Dezeen Magazine

Arcosanti by Paolo Soleri
Paolo Soleri's Arcosanti commune (pictured) will serve as the school's additional site

Frank Lloyd Wright's School of Architecture at Taliesin is moving to Paolo Soleri's Cosanti

Frank Lloyd Wright's School of Architecture at Taliesin will change its name and move its campuses to the Cosanti and Arcosanti sites Italian-American architect Paolo Soleri designed in Arizona.

School dean Chris Lasch told Dezeen it was in the process of moving from Taliesin West in Scottsdale, Arizona and Taliesin in Spring Green, Wisconsin. The Cosanti residence and studios will serve as the main campus, while the experimental town Arcosanti will be an additional site.

First reported by the Architect's Newspaper, the news comes as the school severs ties with the Frank Lloyd Wright Foundation after the two failed to come to a financial agreement.

The split means the school, which Wright established in 1932, needs to leave the buildings that are owned by the foundation, and find a new name.

"Paolo Soleri's architecture can also be a valuable teaching tool"

Lasch, who is serving as interim president following the resignation of Aaron Betsky, said the Soleri-designed sites owned by the Cosanti Foundation would allow the school to continue the hands-on approach to teaching architecture that Wright established.

"Being able to find a place where we can continue our kind of immersive architectural education experience and having the space to do these experimental design, build projects on campus make these places a really good fit," he told Dezeen.

"They are kind of similar places, designed around the idea that learning and practicing architecture would happen in a hands-on way that is the foundation of the work at Taliesin and Taliesin West."

Late architect Soleri, who studied at Taliesin West, set up Cosanti on a five-acre site in the 1950s. Designated as an Arizona Historic Site, it comprises structures that he built with students including his residence, a student dormitory, outdoor studios and a performance space. Many are earth-cast, a process that involves setting concrete over earthen structures.

Soleri began work on Arcosanti in the 1970s, with the intention to explore his concept of arcology, a term he coined to merge the terms architecture and ecology.

Cosanti and Arcosanti offer "room for experimentation"

The school will begin by using the two sites as a base for online summer classes, following a number of educational institutions that have gone virtual as part of regulations during the coronavirus pandemic. The move will be made permanent if the state of Arizona and the Higher Learning Commission approves the sites for in-person classes.

This will also mark the second name change for the school, which was originally called the Frank Lloyd Wright School of Architecture and funded by the foundation that Wright set up in 1940. It was renamed School of Architecture at Taliesin in 2017 as part of the start of its break from the parent organisation.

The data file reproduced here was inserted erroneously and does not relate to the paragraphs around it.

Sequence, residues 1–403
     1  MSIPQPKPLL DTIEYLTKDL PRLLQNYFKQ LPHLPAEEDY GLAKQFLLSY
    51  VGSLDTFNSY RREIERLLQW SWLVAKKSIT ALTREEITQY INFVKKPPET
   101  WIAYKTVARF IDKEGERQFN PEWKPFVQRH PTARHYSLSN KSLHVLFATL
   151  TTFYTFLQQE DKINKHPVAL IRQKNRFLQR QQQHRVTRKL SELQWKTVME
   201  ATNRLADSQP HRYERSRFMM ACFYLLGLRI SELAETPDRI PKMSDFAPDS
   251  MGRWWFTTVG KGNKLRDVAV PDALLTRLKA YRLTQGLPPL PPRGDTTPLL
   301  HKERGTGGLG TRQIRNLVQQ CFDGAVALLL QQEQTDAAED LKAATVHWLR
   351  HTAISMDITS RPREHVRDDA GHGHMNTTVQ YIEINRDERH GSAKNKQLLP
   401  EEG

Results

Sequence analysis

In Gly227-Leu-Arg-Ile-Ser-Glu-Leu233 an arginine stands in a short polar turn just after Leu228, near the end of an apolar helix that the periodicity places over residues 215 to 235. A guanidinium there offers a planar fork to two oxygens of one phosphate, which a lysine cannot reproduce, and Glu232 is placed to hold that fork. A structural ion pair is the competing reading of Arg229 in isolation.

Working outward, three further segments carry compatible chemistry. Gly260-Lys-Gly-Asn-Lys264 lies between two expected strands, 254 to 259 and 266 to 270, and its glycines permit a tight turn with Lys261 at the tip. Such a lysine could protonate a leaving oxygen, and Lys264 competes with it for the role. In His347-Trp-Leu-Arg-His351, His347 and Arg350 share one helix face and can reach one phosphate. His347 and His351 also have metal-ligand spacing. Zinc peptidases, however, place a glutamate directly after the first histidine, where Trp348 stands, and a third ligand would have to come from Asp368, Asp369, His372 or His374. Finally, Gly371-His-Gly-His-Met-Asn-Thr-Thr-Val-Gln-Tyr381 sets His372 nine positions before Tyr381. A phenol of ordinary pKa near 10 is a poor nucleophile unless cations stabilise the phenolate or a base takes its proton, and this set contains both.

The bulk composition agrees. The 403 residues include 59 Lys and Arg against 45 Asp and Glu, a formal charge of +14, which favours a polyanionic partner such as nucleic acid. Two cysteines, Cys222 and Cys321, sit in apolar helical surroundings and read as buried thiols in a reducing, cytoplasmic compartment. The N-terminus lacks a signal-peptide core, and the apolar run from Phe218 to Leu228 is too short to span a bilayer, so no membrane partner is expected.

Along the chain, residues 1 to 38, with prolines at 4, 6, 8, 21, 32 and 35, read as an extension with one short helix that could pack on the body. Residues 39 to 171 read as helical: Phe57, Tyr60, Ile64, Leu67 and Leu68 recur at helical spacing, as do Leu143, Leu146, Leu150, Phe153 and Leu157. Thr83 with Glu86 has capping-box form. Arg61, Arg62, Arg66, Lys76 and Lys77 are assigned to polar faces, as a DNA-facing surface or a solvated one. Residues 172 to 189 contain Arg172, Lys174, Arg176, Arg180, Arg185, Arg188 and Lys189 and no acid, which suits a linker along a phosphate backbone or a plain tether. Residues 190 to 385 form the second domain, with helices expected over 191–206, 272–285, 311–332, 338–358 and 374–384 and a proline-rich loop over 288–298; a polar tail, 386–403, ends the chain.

Wright, who is considered most of the most important architects from the 20th century, established the school to teach the Taliesin Fellowship apprenticeship, which allowed 50 to 60 students to study under the architect. Following his death, the school programme continued to teach with his experimental ethos.

Lasch said that the move to Cosanti and Arcosanti could offer more opportunities for students.

"Paolo Soleri's architecture can also be a valuable teaching tool, especially when it comes to methods, material experimentation and a kind of different view of urbanism that Arcosanti especially offers in a way," he said.

"In a way to Cosanti and Arcosanti are less precious than Taliesin," he added. "They are living and working sites, so there is a lot of room for experimentation."

"Moving away from the historic Wright campuses was not our choice"

The move comes in the wake of uncertainty about the future of the school, which announced it would close in January because it could not come to a financial agreement with the parent organisation. The school board then voted to keep it open after a public outcry allowed it to secure additional funding allowing it to function independently.

"Moving away from the historic Wright campuses where we've been housed the last maybe 88 years was not our choice, and certainly we would have preferred to stay there," Lasch said.

"When it became clear that the Frank Lloyd Wright Foundation was unwilling to renew our memorandum of understanding (MOU), we needed to leave Taliesin and Taliesin West but it was important to us to keep our programmes going and be able to deliver the same programme that our students have signed up for."

"We're very grateful and excited about our new collaboration with the Cosanti Foundation."

Aaron Betsky announced his resignation as president afterwards following a bitter fight to save the experimental institution. "The Frank Lloyd Wright Foundation has done its best to stymie our vision and spirit," he wrote in an Opinion for Dezeen detailing the behind-the-scenes battle to save the school.

Architect Ben Aranda, who runs firm Aranda\Lasch with Chris Lasch, was among those against anticipated closure, calling it a "tragedy", while Blair Kamin described it as an "End of an era" on Twitter.

Photo of Arcosanti is by Carwil, courtesy of Wikipedia.